Submarine Chaser 173' Steel Hull
Early PC's were converted yachts acquired by the Navy. These together with the 362 World War II built PCs replaced the larger and more valuable DD's and DE's around harbours and restricted waters. The 173 foot World War II constructed PC was steel hulled, twin diesel propelled and armed with a dual-purpose 3"/50 and 40mm gun. Later the 3"/50 was replaced with a single Bofors 40mm and three single 20mm guns were added. PCs carried a considerable amount of detection and ranging gear for locating submarines. They were capable of a speed of about 18 knots and were highly manoeuvrable. The Steel-hulled PC-461 Class ships were built in three series; PC-461 to PC-496 (36), PC-542 to PC-627 (86), PC-776 to PC-826 (51), PC-1077 to PC-1265 (189). Some PCs were converted to Amphibious Control Vessels and reclassified PCC.
In addition to 403 173-foot PC-class patrol craft ordered for the U.S. Navy in 1941, eighteen 173-foot hulls were ordered for use as minesweepers, as the Adroit class. Built by five yards, all but three of the mine craft variant had been commissioned by the end of 1942, and the last entered service the following June. Unlike the PCs, AM 82-99 were given names: Adroit, Advent, Annoy, Conflict, Constant, Daring, Dash, Despite, Direct, Dynamic, Effective, Engage, Excel, Exploit, Fidelity, Fierce, Firm, and Force, respectively. As completed, they differed from the PCs in having a large sweep-cable reel mounted on the first platform deck and protruding through the main deck at the stem, in place of the after 3-inch or 40-mm gun mount; a slightly longer superstructure, surrounding the squat dummy funnel at its after end; a kingpost and boom fitted to handle minesweeping gear and the 16-foot-wherry; and two davits at the stem to handle sweep gear and reload depth charges.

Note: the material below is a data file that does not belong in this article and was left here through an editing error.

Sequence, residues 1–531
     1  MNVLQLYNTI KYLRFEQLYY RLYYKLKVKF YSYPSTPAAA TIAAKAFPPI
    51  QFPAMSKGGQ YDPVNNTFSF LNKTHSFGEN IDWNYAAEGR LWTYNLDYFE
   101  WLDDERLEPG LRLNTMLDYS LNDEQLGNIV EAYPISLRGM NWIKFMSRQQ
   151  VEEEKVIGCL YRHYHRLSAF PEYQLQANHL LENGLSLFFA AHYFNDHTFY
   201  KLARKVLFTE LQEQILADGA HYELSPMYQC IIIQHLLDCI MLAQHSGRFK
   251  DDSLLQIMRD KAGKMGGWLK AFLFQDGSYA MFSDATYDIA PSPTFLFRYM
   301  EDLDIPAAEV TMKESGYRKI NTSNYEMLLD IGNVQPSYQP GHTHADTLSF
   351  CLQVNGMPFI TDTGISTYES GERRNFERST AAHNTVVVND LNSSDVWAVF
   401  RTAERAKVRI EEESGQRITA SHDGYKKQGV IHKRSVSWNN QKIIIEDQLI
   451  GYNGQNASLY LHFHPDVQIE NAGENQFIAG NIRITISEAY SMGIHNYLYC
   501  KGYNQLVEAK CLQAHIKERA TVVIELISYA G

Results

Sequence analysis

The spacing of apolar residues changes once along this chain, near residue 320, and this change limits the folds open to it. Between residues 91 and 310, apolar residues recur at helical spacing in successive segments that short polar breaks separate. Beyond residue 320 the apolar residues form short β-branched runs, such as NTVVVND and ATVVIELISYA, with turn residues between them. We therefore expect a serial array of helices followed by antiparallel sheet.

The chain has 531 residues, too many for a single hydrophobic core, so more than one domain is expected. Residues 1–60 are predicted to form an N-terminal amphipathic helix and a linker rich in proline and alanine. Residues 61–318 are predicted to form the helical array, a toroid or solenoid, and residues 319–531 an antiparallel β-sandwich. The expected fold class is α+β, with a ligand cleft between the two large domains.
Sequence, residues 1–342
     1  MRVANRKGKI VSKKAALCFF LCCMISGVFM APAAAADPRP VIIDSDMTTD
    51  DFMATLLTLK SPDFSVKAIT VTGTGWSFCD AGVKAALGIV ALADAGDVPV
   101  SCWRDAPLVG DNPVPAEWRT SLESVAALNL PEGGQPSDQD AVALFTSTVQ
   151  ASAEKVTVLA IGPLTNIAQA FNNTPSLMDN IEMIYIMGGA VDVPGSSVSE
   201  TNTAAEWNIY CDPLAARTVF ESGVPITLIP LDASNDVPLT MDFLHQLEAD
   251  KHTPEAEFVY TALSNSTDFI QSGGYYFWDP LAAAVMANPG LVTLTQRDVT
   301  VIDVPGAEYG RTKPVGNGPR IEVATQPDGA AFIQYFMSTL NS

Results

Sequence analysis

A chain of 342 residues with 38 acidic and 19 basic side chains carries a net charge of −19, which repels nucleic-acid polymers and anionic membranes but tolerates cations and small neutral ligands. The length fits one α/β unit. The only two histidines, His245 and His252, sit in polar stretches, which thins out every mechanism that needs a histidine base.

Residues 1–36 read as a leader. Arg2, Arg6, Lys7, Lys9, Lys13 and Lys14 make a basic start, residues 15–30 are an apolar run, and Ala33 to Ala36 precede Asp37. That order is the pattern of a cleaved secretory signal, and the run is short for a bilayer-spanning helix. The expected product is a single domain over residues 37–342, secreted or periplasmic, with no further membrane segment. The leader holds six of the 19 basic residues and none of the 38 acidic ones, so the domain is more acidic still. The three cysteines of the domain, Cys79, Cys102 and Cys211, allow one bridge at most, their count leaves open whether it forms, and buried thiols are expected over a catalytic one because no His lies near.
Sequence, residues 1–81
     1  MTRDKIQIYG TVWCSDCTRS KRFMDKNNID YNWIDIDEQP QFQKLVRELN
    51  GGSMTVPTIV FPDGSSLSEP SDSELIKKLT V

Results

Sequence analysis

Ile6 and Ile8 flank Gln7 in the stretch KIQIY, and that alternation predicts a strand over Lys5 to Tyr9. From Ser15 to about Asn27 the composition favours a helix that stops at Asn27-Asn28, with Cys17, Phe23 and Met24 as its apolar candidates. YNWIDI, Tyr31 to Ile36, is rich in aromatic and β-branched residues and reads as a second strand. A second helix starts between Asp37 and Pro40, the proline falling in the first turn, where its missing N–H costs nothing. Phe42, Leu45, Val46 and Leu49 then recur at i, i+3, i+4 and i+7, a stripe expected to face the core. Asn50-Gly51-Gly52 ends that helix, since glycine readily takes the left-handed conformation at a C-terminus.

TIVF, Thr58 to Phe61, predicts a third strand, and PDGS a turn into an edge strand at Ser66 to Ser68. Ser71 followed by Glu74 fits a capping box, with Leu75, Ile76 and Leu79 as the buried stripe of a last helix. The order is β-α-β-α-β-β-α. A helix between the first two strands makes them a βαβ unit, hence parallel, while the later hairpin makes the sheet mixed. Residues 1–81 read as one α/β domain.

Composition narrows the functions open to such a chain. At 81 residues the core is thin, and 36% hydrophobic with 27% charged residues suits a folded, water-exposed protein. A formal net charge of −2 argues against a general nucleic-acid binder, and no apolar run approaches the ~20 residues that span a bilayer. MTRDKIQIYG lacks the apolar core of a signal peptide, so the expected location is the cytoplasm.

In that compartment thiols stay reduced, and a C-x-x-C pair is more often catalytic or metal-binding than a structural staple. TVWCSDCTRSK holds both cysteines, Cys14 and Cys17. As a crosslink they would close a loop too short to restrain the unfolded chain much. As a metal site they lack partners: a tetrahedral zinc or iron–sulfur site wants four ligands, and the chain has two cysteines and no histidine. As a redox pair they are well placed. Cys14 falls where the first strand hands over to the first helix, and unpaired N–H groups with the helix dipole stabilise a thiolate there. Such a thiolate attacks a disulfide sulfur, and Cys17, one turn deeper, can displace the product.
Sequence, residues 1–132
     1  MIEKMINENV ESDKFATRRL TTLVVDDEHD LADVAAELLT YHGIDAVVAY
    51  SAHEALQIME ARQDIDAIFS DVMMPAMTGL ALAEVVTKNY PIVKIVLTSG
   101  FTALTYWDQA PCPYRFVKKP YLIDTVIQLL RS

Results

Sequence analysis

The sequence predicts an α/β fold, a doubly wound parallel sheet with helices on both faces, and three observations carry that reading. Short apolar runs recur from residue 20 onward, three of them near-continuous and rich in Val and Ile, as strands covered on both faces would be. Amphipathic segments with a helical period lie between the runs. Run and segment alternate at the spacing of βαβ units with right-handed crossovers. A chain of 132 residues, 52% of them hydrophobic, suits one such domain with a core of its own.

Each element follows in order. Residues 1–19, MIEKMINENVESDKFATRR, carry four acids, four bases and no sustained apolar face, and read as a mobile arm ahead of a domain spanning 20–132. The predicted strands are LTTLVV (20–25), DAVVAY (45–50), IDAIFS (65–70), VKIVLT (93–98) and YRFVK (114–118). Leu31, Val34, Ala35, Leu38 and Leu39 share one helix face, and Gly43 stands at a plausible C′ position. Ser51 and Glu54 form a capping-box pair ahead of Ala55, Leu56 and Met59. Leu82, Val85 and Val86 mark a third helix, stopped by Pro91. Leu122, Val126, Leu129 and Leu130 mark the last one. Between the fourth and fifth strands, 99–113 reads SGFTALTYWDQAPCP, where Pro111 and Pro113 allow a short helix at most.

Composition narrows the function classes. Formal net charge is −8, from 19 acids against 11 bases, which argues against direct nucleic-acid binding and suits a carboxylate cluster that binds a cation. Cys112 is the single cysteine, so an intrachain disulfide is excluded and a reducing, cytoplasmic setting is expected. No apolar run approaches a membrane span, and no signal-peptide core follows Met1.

AM 82 through 88, built at Portland, Oregon, saw service throughout World War II in the Pacific. Only the Annoy (AM-84) is recorded as having been used to sweep for mines, in Aleutian waters; the others principally were employed as convoy escorts in the dangerous waters of the southwest Pacific. The other 11 operated initially either from Bermuda (AM-89 to 93) or from mainland U.S. bases, again as convoy escorts. That they were far more useful in an antisubmarine role than as mine craft was realized quickly, and the 11 Atlantic units were cycled through the Norfolk Navy Yard during May and June 1944 to have their mine countermeasures gear removed and additional antisubmarine and antiaircraft ordnance added. The Pacific units were modified at Pearl Harbour. On 1 June 1944, all 18 lost their names and were reclassified PC-1586 through 1603.
Of the 11 Atlantic units, PC-1593-1597 were sent to the Mediterranean, where they saw service during the landings in France in August 1944 and elsewhere as local escorts. They returned to Jacksonville, Florida, in June 1945, seeing no further action. PC-1598-1603 were dispatched to the Pacific in July 1944 and escorted support convoys as U.S. forces drew closer to the Japanese homeland. During the invasions at Okinawa and lwo Jima, several were used as inshore control ships for landing craft, and two were further reclassified as control craft PCC-1599 and PCC-1601 in the summer of 1945. Only PC-1601 (ex-Fierce, AM-97) was lost during the war, on 21 May 1945. With the exception of the mothballed PC-1590 (ex-Constant, AM-86), which was recommissioned in May 1950 as a Naval Reserve training craft and served in that capacity until October 1954, the survivors were decommissioned quickly post-war and disposed of.At 450 tons full load, the Adroit class displaced 18 tons more than did the PCs. All but the last four built were propelled by two 1,770 brake horsepower Cooper-Bessemer GNB-8 diesels; AM-96-99 were given 1,440 brake horsepower Busch-Sulzer BS 539 diesels, although the entire class was rated as able to achieve 16.8 knots at 330 tons displacement. They could at least nominally travel about 4,000 nautical miles at 12 knots, and the normal crew comprised four officers and 61 enlisted personnel